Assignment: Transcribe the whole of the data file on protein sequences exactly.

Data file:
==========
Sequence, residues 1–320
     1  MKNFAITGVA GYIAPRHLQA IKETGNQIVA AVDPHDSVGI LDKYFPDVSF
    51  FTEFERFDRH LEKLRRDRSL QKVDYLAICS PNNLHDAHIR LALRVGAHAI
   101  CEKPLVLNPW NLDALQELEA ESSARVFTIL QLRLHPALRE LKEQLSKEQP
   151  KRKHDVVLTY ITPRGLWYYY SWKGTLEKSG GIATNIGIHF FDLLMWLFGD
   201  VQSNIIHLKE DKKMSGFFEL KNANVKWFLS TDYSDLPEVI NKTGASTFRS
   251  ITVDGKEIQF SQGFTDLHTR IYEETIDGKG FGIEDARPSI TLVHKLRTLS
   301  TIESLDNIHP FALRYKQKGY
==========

Sequence, residues 1–320
     1  MKNFAITGVA GYIAPRHLQA IKETGNQIVA AVDPHDSVGI LDKYFPDVSF
    51  FTEFERFDRH LEKLRRDRSL QKVDYLAICS PNNLHDAHIR LALRVGAHAI
   101  CEKPLVLNPW NLDALQELEA ESSARVFTIL QLRLHPALRE LKEQLSKEQP
   151  KRKHDVVLTY ITPRGLWYYY SWKGTLEKSG GIATNIGIHF FDLLMWLFGD
   201  VQSNIIHLKE DKKMSGFFEL KNANVKWFLS TDYSDLPEVI NKTGASTFRS
   251  ITVDGKEIQF SQGFTDLHTR IYEETIDGKG FGIEDARPSI TLVHKLRTLS
   301  TIESLDNIHP FALRYKQKGY